Starting your own business can be an exciting and rewarding experience. You have the opportunity to operate on your own terms, pursuing entrepreneurialism through your unique lens. It also means you can approach your company operations in a way that boosts the elements and values you hold close. For a growing number of new business owners, a meaningful commitment to sustainability is among these priorities.
It’s also important to remember that environmentally conscious operations are more than good for the planet. You’ll find there is a direct link to your business trajectory. Indeed, researchers from DeVry University recently posited that a focus on making a difference, particularly from the standpoint of sustainability, is one of the primary needs for building a successful business over the next decade. Alongside relevant skills development and technological applications, putting this type of social responsibility first in your business model is instrumental in building a positive reputation, impacting the community, as well as being profitable.
So, before you launch into your enterprise, it’s worth reviewing what you can do to make your path more sustainable from the outset.
Consider Different Models
The good thing about considering sustainability before you actually get into the weeds of creating your business is your options are wide open. You don’t need to find solutions to tack onto your current approach or put additional investment into going back and making changes. As such, it’s worth taking a moment to consider business models that have an in-built element of sustainability.
Some of these include:
If you want to focus your efforts on sales, you may find having a physical establishment is not necessarily the most sustainable model. Online sales, on the other hand, can help you minimize your impact on the environment. If you’re operating from your own home, you won’t have the same energy and resource consumption that you would in a store. Not to mention many ecommerce entrepreneurs are minimizing their impact further by utilizing shared warehousing or dropshipping services.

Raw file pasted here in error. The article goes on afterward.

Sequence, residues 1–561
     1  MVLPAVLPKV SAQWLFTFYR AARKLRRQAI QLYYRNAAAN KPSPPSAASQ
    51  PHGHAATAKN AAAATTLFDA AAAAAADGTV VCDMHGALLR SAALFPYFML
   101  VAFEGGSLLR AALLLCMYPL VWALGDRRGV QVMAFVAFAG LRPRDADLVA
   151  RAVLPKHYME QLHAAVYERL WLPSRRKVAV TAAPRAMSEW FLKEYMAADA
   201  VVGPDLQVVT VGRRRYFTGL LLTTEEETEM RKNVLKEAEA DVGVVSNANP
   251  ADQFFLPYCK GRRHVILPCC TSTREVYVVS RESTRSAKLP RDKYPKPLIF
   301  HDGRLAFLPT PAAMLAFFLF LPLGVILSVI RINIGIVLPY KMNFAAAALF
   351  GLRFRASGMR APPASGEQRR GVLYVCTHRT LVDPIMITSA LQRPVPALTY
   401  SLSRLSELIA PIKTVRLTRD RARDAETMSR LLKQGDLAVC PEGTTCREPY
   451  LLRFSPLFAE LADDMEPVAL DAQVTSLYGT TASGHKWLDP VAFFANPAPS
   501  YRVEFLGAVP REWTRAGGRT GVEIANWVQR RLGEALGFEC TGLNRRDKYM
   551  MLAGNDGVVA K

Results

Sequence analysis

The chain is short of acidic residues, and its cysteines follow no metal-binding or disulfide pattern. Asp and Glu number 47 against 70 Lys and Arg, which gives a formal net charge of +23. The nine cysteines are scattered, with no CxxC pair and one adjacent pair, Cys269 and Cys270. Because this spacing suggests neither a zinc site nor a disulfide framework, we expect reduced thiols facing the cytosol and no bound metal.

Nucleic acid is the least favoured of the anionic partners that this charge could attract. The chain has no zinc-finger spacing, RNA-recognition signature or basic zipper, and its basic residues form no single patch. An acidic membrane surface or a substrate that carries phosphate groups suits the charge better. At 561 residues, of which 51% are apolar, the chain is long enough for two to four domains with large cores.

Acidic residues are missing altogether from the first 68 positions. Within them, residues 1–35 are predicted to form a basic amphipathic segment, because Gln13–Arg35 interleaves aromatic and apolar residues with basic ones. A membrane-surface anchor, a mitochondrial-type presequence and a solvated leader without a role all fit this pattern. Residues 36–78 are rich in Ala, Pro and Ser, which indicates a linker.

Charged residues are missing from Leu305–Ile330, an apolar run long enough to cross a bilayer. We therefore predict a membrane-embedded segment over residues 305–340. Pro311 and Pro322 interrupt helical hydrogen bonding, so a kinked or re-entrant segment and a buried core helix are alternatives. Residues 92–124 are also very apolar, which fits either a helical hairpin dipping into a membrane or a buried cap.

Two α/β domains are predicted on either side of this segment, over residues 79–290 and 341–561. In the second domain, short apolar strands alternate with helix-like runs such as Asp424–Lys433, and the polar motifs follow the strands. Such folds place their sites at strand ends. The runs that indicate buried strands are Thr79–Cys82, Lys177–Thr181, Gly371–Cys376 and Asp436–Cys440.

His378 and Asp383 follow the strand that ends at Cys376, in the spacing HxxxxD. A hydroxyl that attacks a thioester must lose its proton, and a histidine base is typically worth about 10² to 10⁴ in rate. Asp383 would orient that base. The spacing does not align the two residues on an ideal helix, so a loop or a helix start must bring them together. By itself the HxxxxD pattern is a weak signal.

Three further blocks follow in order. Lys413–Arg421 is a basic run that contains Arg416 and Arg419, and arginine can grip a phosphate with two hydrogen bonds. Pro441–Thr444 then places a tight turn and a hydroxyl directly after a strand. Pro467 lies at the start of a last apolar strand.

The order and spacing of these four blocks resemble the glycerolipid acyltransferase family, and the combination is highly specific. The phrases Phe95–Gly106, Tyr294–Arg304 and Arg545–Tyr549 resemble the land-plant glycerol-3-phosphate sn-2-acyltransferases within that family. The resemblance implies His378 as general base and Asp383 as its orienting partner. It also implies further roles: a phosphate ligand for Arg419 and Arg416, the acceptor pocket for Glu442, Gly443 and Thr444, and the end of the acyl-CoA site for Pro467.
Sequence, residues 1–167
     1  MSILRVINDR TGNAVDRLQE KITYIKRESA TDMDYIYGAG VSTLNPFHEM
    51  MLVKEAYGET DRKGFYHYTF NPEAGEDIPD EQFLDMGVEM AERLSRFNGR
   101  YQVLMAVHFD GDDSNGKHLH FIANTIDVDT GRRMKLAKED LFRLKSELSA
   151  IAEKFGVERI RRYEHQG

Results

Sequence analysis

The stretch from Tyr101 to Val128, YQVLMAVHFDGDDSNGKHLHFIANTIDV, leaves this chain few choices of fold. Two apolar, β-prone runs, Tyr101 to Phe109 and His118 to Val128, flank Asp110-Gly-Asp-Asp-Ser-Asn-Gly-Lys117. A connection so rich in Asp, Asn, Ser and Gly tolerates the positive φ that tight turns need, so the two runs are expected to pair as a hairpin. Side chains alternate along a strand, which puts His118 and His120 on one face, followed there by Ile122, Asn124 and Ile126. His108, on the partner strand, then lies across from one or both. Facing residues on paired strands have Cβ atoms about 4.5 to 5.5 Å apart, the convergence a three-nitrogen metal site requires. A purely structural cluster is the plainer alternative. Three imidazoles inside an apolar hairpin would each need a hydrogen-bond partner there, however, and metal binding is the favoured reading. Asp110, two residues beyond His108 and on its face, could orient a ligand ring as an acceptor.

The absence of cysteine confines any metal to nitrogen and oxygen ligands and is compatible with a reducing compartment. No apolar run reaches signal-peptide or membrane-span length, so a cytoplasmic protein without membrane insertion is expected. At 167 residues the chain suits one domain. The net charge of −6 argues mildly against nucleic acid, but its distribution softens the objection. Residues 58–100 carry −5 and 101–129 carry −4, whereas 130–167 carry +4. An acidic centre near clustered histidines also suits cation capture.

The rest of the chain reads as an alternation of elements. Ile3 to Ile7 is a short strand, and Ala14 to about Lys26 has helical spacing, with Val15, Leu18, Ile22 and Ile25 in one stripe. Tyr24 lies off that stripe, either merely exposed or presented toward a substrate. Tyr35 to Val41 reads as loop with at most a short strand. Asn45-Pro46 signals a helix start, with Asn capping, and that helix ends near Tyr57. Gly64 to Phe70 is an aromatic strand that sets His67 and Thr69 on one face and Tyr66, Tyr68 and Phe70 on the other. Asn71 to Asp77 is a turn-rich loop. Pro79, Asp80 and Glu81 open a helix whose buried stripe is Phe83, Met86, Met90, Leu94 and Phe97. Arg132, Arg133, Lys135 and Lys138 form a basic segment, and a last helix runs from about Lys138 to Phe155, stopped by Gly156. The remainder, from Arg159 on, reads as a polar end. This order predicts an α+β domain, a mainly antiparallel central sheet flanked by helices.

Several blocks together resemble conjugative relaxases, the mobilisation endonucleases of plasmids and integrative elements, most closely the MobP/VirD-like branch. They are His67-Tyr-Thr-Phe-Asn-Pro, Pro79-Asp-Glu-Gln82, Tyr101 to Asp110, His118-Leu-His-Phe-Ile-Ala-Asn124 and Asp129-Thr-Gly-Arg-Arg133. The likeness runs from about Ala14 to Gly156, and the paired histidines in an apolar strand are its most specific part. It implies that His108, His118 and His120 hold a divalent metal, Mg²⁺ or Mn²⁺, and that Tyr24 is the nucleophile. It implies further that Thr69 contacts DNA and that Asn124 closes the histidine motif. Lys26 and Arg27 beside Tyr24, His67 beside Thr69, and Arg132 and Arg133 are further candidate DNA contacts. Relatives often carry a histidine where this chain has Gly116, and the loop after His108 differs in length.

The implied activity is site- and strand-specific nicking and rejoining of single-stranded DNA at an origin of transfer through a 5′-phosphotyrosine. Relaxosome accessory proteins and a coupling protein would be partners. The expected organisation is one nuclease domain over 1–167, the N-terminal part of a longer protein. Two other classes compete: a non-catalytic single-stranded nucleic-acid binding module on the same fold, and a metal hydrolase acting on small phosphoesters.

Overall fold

● Green Goods
It is more accessible than at any other point in recent history to build your company around only providing products that are sustainably produced and sourced. There is increasing emphasis on raw materials made from reusable or natural products — plastic waste gathered from the ocean, bamboo, and pinatex (plant-based leather) are all options here. If your entrepreneurial intentions involve manufacturing, look to working around these materials.
Some of the most sustainable businesses are those that require very little in terms of external premises, equipment, and personnel. As such, consultancy can be an inherently green model. The minimal nature of this can be made even more sustainable by utilizing tools such as coworking spaces rather than renting an office, online conferencing rather than traveling to meetings, and even focusing on niches like sustainable events planning.